“It’s a call to arms to the kids who believe that rock and roll was taken away from them. It’s a statement of self rule, of ultimate independence.”
–Malcolm McLaren, manager of the Sex Pistols
“That’s a very, very great place to be as an artist, when your imagination is your only limitation. It’s not your ability to play like a virtuoso, it’s not your ability to have your family pay for piano lessons when you’re a child, or to have a well-trained voice or to have gone to creative writing classes. Punk Rock was about three chords, four if you were lucky, five if you were decadent — and having something to say.”
–U2’s Bono on the influence of Punk Rock
By the mid-1970s, the live performances of many successful Rock and Roll bands had moved to larger and larger venues. “Stadium Rock” invited tens of thousands of fans to sit and watch bands perform, often from a great distance, and often accompanied by elaborate staging, massive banks of equipment, sometimes extravagant costumes, and virtuosic solos. Bands such as Led Zeppelin, Journey, Queen, Yes, and Emerson, Lake & Palmer led the field, commanding increasingly hefty ticket prices along the way.
The reaction against this trend began in Britain with the Pub Rock movement, which summoned a return to the raw sound of Rock and Roll and a move away from a growing commercialism. Musicians such as Graham Parker, Elvis Costello, Nick Lowe, and Joe Strummer (later of the Clash) played in bands that appeared in small pubs where they could easily interact with their audiences — much as the Beatles had done in their early days in Liverpool and Hamburg. The Pub Rock movement helped pave the way for the emergence of Punk, which put audience participation back at the center of the whole enterprise.
Like Pub Rock, Punk provided an aggressive retort to Stadium Rock and the commercial elements of 1970s Rock and Roll. Bands such as the Sex Pistols and the Clash performed at small, dingy clubs in which the divide between artist and spectator all but disappeared. Audience members often dressed as “punks” and were indistinguishable from the performers themselves. They were no longer spectators worshipping their idols from afar, but active participants whose collaboration was essential to the whole project. So-called “slam-dancing” even found the boundary between stage and dance floor shattered as fans moved amongst the bands.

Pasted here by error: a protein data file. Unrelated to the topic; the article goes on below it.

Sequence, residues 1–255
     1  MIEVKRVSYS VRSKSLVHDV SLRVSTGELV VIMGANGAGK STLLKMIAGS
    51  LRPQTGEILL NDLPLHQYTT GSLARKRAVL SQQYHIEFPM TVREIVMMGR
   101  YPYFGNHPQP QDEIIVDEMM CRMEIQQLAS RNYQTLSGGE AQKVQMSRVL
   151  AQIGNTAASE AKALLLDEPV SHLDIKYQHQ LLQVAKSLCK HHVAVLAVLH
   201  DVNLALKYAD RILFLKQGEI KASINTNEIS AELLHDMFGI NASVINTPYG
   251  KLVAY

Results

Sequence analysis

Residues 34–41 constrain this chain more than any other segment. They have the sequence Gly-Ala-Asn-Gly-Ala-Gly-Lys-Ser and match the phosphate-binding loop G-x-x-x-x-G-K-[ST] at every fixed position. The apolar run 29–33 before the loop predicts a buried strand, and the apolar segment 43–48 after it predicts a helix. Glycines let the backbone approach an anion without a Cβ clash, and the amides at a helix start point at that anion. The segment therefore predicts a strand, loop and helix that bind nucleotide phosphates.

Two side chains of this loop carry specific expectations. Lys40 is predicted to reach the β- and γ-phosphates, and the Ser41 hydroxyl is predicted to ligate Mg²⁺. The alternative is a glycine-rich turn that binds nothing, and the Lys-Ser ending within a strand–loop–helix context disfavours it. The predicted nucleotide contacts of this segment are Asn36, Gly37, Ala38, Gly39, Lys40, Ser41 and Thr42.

At the same time, Punk was rooted in the bleak economic and social mood of Britain in the mid-1970s. Unemployment was high, particularly for young people, and a seemingly endless series of strikes led to a “winter of discontent” in 1978. Anger at government policies boiled over into the streets.
The message of Punk was thus anti-mainstream, anti-establishment, anti-commercial, and very angry. As did early Hip Hop in the United States, Punk Rock embodied a “Do-It-Yourself” or “DIY” attitude. Many bands were self-produced and self-recorded. The message was simple: anyone could go out and form a band and make music. Punk put Rock and Roll back in the hands of a young, working-class population, and it did this at a moment when they had something to say.
In this lesson, students will compare and contrast some of the musical and visual elements of Stadium Rock with those of Punk Rock. They will investigate how Punk grew out of the particular musical and social context of Britain in the 1970s. They will then put their knowledge to work in small groups by creating album covers for a fictitious 1970s Punk Rock band.